Siblings Who Don’t Play Nice After a Mother’s Death

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Social Q’s

It has been two years since my mother died, and the Jewish holidays are around the corner again. The problem: They are stressful and not much fun without her. My siblings and I, in our 20s and 30s, do a lot of sniping, and our dad seems mostly checked out. I know that everyone is trying; no one always plays the villain. But too often, family occasions end in hurt feelings. Do you think it’s possible to repair this situation? Or should I just stop going and deal with the fallout?


Shortly after my mom died, an older relative called and said, “I’m leaving you alone now, but I’ll check back in six months.” When I asked why, she said, “Because that’s when they’re really gone.” And she was right. That’s how long it took me to get that I was (really) never going to see my mother again. And for many of us, that’s when the hard work of negotiating the world (and the rest of our family) without our lost one begins.

It sounds as if your mother, like many, played utility infielder in your clan: keeping you all connected and smoothing over squabbles. In her absence, no successor has emerged. Or maybe it’s you? Try teaming up with a dependably simpatico sibling ahead of time, and agree to encourage kind remarks and shut down snark. Your work from the sidelines may help the others realize they have to behave better without your mother around to save the day. Or it may drive everyone crazy.

Either way, you are all going through the same traumatic transition. There can be comfort in that, if you are willing to be gentle with one another. (It wouldn’t be the worst thing to say that out loud.) In rare cases, there isn’t enough love to keep us tied together. But you didn’t sketch out a hopeless case, merely one that’s in progress. Also, watch “Fleabag,” a British import that’s streaming on Amazon. The main character will dazzle you with her grief and shame and wit and her coping-by-not-coping skills.

Unskilled Labor of Love

It all started when our nanny showed up with a surprise birthday cake for our daughter’s sixth birthday party. It had a Barbie sticking out the top. Now she creates cakes for all of our children. We believe this is an act of love — and business development. (She wants to be a professional baker, and we give her a generous gift card to offset expenses.) But good design is important to me. I long for professionally designed cakes like those I see at friends’ parties. Hers are wobbly and amateurish. Still, the nanny (now, our former nanny; we parted on good terms) meets with the children and says yes to anything they propose. They love this. Should we allow it to continue?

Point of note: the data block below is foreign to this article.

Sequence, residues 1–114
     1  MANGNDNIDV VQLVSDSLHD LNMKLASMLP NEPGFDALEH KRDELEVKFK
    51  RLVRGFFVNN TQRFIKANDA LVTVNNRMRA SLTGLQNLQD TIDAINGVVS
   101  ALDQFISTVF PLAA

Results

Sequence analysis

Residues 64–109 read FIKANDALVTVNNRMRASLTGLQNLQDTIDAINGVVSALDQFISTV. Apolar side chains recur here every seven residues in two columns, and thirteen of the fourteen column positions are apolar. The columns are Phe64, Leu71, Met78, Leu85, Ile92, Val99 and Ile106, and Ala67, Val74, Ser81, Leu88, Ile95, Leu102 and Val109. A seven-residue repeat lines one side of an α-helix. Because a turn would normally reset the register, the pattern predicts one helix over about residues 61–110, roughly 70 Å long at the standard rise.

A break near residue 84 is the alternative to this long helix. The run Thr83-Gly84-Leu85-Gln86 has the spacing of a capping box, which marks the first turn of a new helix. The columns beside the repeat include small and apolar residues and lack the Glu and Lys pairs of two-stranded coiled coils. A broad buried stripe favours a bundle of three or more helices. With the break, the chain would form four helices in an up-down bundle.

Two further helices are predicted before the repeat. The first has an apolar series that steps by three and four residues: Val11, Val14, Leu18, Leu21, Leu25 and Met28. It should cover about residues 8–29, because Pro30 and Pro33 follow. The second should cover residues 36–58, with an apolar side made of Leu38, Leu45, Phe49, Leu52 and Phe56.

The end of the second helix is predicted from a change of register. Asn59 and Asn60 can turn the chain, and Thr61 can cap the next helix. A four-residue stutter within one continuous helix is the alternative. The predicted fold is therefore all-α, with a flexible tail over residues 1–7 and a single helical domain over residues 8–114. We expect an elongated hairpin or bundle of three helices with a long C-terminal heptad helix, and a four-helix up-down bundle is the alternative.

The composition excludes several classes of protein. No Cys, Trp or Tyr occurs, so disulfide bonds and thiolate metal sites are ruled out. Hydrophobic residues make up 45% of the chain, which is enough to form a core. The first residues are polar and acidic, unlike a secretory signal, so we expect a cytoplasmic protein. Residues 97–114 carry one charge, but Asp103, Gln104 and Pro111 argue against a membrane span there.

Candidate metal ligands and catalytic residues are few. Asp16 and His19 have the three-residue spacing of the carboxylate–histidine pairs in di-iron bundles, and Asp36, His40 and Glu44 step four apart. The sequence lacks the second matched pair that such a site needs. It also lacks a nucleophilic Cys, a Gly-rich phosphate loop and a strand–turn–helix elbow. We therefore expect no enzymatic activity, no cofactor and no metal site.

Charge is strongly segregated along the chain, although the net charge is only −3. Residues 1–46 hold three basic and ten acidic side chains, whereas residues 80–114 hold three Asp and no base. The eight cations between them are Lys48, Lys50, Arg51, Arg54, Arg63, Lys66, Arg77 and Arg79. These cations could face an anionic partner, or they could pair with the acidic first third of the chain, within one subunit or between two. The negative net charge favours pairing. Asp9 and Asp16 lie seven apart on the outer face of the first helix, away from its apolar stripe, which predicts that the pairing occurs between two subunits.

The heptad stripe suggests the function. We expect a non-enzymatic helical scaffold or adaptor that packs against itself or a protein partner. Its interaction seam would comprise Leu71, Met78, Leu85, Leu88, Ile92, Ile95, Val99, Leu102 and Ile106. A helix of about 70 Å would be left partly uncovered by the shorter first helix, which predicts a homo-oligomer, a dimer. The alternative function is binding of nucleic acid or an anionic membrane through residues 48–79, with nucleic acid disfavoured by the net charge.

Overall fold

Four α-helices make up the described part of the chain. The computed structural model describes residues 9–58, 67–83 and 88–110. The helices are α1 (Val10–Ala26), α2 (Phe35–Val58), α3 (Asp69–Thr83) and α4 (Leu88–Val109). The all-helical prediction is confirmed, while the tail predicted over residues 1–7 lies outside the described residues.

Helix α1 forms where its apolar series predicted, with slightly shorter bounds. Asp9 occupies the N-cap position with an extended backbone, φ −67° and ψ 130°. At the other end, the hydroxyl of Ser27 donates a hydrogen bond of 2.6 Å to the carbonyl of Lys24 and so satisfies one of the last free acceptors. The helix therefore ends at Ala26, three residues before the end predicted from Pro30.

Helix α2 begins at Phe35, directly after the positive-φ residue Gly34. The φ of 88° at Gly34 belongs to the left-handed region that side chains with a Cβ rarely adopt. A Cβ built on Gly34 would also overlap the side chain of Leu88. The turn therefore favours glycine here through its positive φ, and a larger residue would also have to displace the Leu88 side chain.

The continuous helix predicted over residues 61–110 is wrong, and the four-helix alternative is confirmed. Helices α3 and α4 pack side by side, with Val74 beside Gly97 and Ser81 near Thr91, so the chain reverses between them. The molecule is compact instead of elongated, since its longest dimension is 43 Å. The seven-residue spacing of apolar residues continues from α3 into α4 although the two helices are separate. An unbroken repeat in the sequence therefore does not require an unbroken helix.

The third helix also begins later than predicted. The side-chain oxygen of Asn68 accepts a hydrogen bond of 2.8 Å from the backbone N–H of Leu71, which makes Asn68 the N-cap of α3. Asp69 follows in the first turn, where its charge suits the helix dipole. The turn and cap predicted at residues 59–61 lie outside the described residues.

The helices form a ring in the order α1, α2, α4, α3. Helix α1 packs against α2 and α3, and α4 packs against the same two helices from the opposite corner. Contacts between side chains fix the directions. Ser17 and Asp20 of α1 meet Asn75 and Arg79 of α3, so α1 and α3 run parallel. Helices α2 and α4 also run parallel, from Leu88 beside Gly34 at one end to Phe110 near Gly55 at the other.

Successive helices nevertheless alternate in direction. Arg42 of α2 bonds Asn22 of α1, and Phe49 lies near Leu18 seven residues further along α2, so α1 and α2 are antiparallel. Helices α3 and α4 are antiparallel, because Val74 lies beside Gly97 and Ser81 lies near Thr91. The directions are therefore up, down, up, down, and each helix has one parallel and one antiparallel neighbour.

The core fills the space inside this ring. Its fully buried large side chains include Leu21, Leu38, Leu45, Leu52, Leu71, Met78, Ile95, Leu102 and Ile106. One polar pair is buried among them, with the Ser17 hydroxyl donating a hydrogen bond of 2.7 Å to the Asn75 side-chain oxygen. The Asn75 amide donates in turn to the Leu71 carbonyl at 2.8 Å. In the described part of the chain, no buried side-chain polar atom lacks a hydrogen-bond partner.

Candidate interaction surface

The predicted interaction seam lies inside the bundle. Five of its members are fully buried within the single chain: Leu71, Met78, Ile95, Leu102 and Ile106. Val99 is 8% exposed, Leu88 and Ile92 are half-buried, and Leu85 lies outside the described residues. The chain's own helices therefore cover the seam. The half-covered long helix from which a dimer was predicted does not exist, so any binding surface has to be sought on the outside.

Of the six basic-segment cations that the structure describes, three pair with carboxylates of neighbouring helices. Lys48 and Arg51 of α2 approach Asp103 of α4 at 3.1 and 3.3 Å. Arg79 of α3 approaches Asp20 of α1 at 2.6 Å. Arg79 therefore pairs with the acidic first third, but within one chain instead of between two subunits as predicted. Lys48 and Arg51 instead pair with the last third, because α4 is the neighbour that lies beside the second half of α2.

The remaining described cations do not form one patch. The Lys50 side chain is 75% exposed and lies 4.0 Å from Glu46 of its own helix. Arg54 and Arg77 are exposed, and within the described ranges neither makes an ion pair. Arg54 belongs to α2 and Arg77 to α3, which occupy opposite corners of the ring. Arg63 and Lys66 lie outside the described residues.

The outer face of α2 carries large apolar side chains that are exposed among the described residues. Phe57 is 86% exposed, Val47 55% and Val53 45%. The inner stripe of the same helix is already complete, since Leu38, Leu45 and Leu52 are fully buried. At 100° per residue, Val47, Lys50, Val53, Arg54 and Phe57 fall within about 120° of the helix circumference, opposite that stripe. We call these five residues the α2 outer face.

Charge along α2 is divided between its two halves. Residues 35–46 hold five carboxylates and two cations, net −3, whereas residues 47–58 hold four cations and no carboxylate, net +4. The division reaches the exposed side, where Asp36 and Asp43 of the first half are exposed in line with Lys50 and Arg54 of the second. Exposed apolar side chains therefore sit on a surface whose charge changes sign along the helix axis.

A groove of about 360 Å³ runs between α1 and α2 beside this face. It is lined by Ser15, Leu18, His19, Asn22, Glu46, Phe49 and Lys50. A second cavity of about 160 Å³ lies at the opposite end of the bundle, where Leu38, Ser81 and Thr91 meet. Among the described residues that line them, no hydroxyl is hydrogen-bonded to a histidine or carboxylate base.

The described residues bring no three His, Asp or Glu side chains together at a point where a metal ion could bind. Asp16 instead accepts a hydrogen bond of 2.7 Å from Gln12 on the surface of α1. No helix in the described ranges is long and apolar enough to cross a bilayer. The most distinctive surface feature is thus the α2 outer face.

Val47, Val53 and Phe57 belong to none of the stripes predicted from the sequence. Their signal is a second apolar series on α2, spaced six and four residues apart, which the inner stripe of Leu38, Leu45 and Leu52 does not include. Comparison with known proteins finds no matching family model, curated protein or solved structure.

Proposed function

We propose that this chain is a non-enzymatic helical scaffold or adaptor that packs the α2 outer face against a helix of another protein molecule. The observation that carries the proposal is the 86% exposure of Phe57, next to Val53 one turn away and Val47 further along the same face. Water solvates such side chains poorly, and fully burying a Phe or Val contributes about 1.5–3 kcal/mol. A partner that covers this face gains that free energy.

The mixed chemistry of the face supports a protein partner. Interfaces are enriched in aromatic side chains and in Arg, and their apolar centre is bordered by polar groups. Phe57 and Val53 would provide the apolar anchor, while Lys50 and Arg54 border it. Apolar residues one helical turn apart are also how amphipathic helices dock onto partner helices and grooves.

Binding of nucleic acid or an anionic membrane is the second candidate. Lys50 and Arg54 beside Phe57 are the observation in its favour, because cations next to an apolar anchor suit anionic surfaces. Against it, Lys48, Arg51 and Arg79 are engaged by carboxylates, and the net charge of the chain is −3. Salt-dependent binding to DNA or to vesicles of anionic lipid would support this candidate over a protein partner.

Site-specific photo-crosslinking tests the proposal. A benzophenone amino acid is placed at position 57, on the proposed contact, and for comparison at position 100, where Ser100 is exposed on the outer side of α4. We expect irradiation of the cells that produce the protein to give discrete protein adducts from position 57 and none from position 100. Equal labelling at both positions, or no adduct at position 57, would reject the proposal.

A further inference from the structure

Are you honestly asking whether you should foster a continued loving relationship between your children and their former nanny or enter into some perfectionist, competitive bake-off with your friends? (Note: Your former nanny probably isn’t going to make her fortune from expense reimbursement.)

You seem to have extra money. Why not invest some in baking classes for your former nanny? This way, we’ll know that at least one person is listening to what your children want for their birthdays.

Sound of Silence

I share a small office with a 60-year-old woman. Most of the time, we get along terrifically, chatting and laughing through the day. But every few months, she goes silent — for hours or even days — and won’t speak to me or respond to my attempts to engage her. Eventually, she comes around, a little sheepishly. I know we think highly of each other, which makes her behavior even more jarring. She acknowledges that she is an emotional person, but never mentions the silent spells. Is there a way to address them without making her defensive?


This is some seriously odd behavior. But let’s consider your office mate’s silent treatment from another angle before we decide on next steps. It is also pretty bizarre, if you think about it, to sit in a tiny room with the same person for eight hours a day. You don’t mention any work disruptions caused by the stony silence. And for almost all of your time together, you get along famously.

It sounds to me as if she gets really overwhelmed and just clicks off, like my Cuisinart coffee maker after 90 minutes. As awkward as this is for you, what’s the upside in talking about it? She already knows her behavior is strange, hence her sheepish returns. But I’m afraid that creating more social pressure may only make things worse.

If you are worried about her or think she’s depressed, ask if she needs help. But office mates aren’t required to chat. And it’s only that she’s mostly such good company that makes her bad company so glaring. I’d let this slide. I bet she’d change her behavior in a heartbeat — if she could.